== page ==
Week-to-week player performance can be very volatile. The worst thing we can do is miss out on a fluky big day and then chase it the following week when that player is both more expensive and more owned.

So by examining usage instead of performance, we can cut through some of the noise and figure out what’s sustainable. Here are the most important usage notes I saw in Week 8. Hat-tip to ProFootballFocus for a lot of the snap info found below.

1. Donte Moncrief Hits the Ground Running


Moncrief missed six weeks, but was able to stay in shape as the injury was to his shoulder. That allowed him to hit the ground running in his return as he played on 89.4 percent of the snaps and handled a team-high 28.1 percent of the targets Sunday. Perhaps the target share was skewed a bit by T.Y. Hilton’s early-game hamstring injury, but the fact that Moncrief was able to handle such a big workload after such a long layoff is a great sign. It’s also not a fluke that he scored a touchdown, his seventh in his last 10 games with Andrew Luck. At 6’2/222, Moncrief is a more optimal red-zone target than the undersized Hilton or Phillip Dorsett. Moncrief will be firmly in play at $5,800 against the Packers on Sunday.

2. Melvin Gordon’s Reign Via Volume Continues


I’ve been among the many that have criticized Gordon for his inefficiency (3.55 YPC this year, 3.48 YPC last year). But we can’t deny that the season-ending injuries to Danny Woodhead and Keenan Allen have have created elite usage. Since Woodhead went down, Gordon has played on 83.2 percent of the snaps. He’s third in the NFL in touches, first in TDs and seventh in rushing yards. He leads all RBs in red-zone rushing attempts with 37 and has added five red-zone targets. Gordon remains underpriced at $6,300 heading into Sunday’s game against the Titans.

3. Tyler Eifert Returns to Full-Time Role


Eifert (back, ankle) was eased back in as he made his season debut in Week 7, playing just 15 snaps. He returned to a full-time role in Week 8, playing on 84.1 percent of the snaps and running a route on 47 of Andy Dalton’s 48 dropbacks. Eifert looked like the fantasy difference-maker he was last year, ringing up a 9-102-1 line on 12 targets against the Redskins. Of course, the red zone is where Eifert does his best work – he scored from there Sunday and turned 16 red-zone targets last year into 11 TDs. I think he’ll be a tremendous play when the Bengals come out of their bye in Week 10 against the Giants’ poor interior defense.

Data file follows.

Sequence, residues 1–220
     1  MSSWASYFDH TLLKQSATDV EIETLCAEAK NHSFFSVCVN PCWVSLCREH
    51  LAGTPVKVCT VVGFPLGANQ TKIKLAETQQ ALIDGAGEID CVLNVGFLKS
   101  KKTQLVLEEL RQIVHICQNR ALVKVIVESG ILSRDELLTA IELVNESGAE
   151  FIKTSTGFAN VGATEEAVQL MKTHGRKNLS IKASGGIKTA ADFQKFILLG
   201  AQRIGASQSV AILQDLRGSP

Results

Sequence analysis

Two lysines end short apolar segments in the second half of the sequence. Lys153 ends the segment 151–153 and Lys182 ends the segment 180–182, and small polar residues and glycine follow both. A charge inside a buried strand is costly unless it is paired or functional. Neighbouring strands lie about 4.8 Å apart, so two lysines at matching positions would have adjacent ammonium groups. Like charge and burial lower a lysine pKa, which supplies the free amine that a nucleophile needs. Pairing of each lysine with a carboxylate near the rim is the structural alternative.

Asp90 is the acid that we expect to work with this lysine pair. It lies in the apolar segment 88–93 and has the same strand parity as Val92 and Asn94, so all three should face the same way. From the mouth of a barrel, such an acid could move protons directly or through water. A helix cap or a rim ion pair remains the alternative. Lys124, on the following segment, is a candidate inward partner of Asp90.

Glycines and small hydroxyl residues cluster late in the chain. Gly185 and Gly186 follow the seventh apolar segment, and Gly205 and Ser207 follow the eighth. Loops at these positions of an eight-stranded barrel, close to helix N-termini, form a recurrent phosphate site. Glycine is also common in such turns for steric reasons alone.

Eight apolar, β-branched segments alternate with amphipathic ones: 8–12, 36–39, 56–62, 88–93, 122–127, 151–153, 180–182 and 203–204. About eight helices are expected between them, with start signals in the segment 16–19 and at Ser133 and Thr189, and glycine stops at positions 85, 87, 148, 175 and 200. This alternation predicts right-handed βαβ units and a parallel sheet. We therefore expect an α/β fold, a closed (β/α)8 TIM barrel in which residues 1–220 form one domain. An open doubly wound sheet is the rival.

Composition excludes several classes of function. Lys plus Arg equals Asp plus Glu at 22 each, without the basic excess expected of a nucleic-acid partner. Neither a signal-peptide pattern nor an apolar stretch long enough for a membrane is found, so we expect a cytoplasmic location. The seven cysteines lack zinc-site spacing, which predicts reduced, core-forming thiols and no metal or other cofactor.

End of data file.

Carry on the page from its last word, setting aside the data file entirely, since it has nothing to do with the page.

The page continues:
4. Tim Hightower Takes Over for Benched Mark Ingram


Ingram fumbled on his sixth snap of Sunday’s game against the Seahawks and never saw the field again. It suggests the Saints weren’t too happy with Ingram anyway, as evidenced by his meager 53.1 percent snap rate through the first six games. They were likely happy with Hightower’s performance as he handled 27 touches and the Saints won the game. We’ve seen this scenario play out before, as Ingram was hurt for the final four games of last season and the Saints went 3-1 with Hightower touching the ball 24.0 times per game. Considering he’s just $4,000 and facing the Niners Sunday, there’s at least GPP appeal here.

5. Rishard Matthews’ Role on the Rise


Andre Johnson mercifully retired this week, ending a dominant career that shouldn’t be soiled by hanging around three years too long. It locks in the Titans’ top three WRs as Tajae Sharpe, Kendall Wright and Rishard Matthews. Sharpe, the fifth-round rookie, has somewhat predictably fallen off sharply and his snap count shrunk to 55.2 percent in Week 8. Meanwhile, Matthews’ snap count has gone from 40.3 percent to 66.2 percent to 88.1 percent across the last three weeks. There are still a lot of mouths to feed here once we throw in Delanie Walker and the offense skews run-heavy, but we’re starting to get some more clarity.


I am a promoter at DraftKings and am also an avid fan and user (my username is AdamLevitan) and may sometimes play on my personal account in the games that I offer advice on. Although I have expressed my personal view on the games and strategies above, they do not necessarily reflect the view(s) of DraftKings and I may also deploy different players and strategies than what I recommend above.